It’s 2012. My girlfriend (now my fiancée) and I are driving to her place in Karori, Wellington. We’re discussing the colonisation of Aotearoa New Zealand. She is Pākehā, having grown up in Blenheim, but is open and honest about her ignorance of our history and of my culture and reo (an in-joke in our early relationship is that, when she first met me, she thought I was South African because of my name). We talk about how utterly different the Māori way of life would have been prior to European arrival, and the gulf of understanding that needed to be crossed when those two peoples met for the first time.
‘Imagine if aliens arrived tomorrow,’ I say to her. ‘Everything about them is foreign to us; not just their appearance, clothes, and language, but their culture, society, worldviews; their vehicles, tools, weapons. We have no way of engaging with them or comprehending them because they are different to us in every conceivable way.
‘But slowly, we begin to understand them. We see value in some of the things they bring, and they see value in some of the things we have. We trade, we learn, we form relationships – some of them live among us and have children with us.
‘Then more aliens come. They see opportunity here. We try to accommodate them but they don’t abide by our rules. So far from their motherland, who do they have to answer to? Our relationship with them becomes tense. We worry about our safety.
‘So we write to the aliens’ ruler, asking for her protection. In return we’re presented with a Treaty…’
It’s a gross over-simplification but the analogy works. And although I don’t need to go any further with it in that conversation, it continues to develop in my head. In the years that follow, things I learn about or experience are put through this mental filter that imagines a future Earth colonised by aliens: the Tohunga Suppression Act becomes the Doctor Banishment Decree, which forbids any medical doctor from practicing and threatens anyone seeking healthcare from a doctor with imprisonment; Human children are electrocuted for speaking English in educational facilities; a Magistrate tells my descendant that the Covenant signed between Humans and the Alien Empire, which assured Human independence, was “a simple nullity” signed by “barbarians”.
I think many writers, like me, have books stored away in their heads that they’ll someday write. They probably have many more they will never write. This book is more than that to me. Over time it becomes this idea that I feel like I must give life to one day. I have no idea what form it should take, how or when I will write it. I am not a strong believer in destiny but I feel like I was meant to write this book, whenever and however that might happen.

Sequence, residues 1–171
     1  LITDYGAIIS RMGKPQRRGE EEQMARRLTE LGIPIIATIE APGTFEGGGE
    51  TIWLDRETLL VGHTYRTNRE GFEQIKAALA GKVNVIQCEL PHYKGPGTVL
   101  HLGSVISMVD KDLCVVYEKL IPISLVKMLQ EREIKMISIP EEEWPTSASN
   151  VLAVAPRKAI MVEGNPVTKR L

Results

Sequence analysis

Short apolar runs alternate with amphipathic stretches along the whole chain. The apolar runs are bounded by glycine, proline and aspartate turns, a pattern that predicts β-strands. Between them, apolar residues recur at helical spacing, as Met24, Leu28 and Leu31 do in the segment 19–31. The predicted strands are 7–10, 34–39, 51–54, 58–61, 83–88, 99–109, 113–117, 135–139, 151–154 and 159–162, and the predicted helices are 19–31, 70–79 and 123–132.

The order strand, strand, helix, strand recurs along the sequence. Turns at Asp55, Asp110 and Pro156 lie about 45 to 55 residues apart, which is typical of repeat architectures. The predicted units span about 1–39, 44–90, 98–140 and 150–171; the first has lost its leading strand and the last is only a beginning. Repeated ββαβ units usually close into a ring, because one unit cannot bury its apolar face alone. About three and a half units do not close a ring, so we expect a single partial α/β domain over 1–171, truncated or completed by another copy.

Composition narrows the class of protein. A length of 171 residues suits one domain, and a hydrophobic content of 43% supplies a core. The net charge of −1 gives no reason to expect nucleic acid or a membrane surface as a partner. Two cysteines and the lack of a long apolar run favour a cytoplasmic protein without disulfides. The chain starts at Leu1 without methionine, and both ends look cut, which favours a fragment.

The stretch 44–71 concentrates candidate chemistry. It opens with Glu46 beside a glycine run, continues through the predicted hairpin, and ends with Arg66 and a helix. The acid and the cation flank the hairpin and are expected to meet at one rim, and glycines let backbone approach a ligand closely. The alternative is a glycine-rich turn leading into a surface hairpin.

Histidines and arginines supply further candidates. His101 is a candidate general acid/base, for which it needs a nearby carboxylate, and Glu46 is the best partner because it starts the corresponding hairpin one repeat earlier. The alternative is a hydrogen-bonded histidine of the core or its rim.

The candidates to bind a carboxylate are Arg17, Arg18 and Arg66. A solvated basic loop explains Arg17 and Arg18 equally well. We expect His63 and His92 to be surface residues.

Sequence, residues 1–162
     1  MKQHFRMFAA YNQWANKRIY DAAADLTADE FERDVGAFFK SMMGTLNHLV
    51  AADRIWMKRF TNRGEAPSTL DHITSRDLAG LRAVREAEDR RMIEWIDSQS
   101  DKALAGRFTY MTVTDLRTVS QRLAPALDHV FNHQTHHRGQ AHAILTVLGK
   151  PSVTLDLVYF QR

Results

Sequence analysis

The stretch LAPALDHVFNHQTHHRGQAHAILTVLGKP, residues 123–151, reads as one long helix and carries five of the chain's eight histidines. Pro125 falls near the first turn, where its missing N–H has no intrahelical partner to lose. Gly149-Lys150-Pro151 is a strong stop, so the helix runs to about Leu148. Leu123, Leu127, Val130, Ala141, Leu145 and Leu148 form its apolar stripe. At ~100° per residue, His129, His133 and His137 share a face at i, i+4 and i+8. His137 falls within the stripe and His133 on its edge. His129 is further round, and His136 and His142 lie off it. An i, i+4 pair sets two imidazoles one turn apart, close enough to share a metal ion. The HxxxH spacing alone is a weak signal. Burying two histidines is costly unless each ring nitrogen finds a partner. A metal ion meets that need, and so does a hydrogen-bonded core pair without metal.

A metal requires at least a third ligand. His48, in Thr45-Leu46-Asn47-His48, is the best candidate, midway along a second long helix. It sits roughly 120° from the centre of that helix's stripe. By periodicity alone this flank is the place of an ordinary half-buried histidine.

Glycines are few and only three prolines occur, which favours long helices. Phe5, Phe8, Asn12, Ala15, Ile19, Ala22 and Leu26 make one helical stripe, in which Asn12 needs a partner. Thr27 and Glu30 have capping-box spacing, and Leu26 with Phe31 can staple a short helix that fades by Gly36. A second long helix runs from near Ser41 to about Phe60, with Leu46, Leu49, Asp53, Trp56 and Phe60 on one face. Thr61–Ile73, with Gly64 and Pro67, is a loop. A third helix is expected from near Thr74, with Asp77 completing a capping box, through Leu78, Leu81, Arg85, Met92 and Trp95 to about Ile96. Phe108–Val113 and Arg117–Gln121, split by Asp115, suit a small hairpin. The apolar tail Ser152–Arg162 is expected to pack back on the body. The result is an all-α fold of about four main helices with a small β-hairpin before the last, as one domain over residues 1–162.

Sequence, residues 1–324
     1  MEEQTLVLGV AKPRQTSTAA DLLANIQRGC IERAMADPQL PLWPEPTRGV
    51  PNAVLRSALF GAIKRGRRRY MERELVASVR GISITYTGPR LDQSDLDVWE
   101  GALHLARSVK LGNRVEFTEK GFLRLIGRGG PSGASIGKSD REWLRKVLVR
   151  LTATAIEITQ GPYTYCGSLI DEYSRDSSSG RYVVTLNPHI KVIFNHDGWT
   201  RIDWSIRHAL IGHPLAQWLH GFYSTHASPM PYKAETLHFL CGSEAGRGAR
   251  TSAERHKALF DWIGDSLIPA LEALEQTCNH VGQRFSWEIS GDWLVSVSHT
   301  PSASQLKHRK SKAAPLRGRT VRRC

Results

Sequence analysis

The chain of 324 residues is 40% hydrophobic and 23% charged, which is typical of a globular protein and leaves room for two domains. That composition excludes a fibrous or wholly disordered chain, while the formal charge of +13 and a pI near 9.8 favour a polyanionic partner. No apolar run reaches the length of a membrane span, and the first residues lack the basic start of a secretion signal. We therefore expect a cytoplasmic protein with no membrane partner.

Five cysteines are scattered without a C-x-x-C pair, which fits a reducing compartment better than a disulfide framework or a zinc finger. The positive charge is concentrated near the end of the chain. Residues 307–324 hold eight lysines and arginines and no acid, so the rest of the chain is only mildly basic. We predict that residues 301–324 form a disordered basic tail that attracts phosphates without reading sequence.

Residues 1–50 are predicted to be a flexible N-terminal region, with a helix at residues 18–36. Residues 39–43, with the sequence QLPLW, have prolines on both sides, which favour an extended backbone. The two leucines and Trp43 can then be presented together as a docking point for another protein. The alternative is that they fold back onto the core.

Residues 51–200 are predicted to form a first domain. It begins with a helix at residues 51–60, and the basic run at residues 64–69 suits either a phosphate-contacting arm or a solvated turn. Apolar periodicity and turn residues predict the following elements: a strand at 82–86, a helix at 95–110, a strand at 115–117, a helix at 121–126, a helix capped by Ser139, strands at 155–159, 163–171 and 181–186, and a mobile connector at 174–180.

Fast-forward to 2019. It is, without a doubt, the hardest year of my life. There is no trauma or tragedy I’m suffering from. I am simply the unhappiest I have ever been. I read the news every day and I just feel hopeless. A weird, unhealthy obsession with my weight has taken root that is nearly impossible to weed out. I almost have a breakdown at work. But I finally seek help by going to therapy, and I begin to work through a lot of this stuff.
One day the therapist says to me, ‘It sounds like giving to other people is important to you. You find work stressful but you do it because it contributes to society in a way you feel is meaningful. But if you could do something just for you, what would it be?’
The answer is easy. ‘I would write,’ I tell her. ‘I would write stories all day.’
‘Perhaps it’s time you thought about ways you could do that,’ she suggests.
I politely disagree. I can’t make a living off writing. I can’t pay my mortgage writing books. But the thought stays with me. I have always wanted to do a Masters in Creative Writing, I think, and spend a year just writing a book. It would be the only reason I ever go back to university.
What would I write, though? “The Treaty book” is still there in that mental library of mine, begging to be written. It would be the perfect thing to work on for the Masters. But I still have no idea how to write it. I’ve toyed with the idea of a sci-fi drama, documenting the catastrophic arrival of aliens on our planet. But I decide a commentary on colonisation is about so much more than just the arrival of aliens; it’s about everything that came after. So I imagine a generational tale, one that follows the experiences of a single family through the arrival of aliens, the integration of alien society with ours, and finally our colonisation. I realise quickly that the concept takes itself too seriously. I don’t think it will speak to people in the way I want it to.
I sit on the idea for a while, continuing to attend therapy and focussing on getting better. Work is a common theme in those sessions, as I begin to come to terms with the way that being Māori and working for the Crown has affected me for the last six and a half years. I learn that there is a lot I have repressed, a lot to work through, and one morning, as I walk to work over the concourse from Westpac Stadium, I joke to myself that my experiences working for the Crown would make a good memoir.
In this lightning-bolt moment, all of these ideas collide.
It’s now 2020, and I’m a few weeks away from starting the Master of Arts in Creative Writing. I can’t wait to start the course and finally begin writing the book I feel I was meant to write. My last therapy session was nearly six months ago. I’m uplifted by the whānau and friends who are happy for me to embark on this journey; who are just happy that I’m happy. They ask me what the book’s about.
I tell them: ‘Imagine if aliens arrived tomorrow…’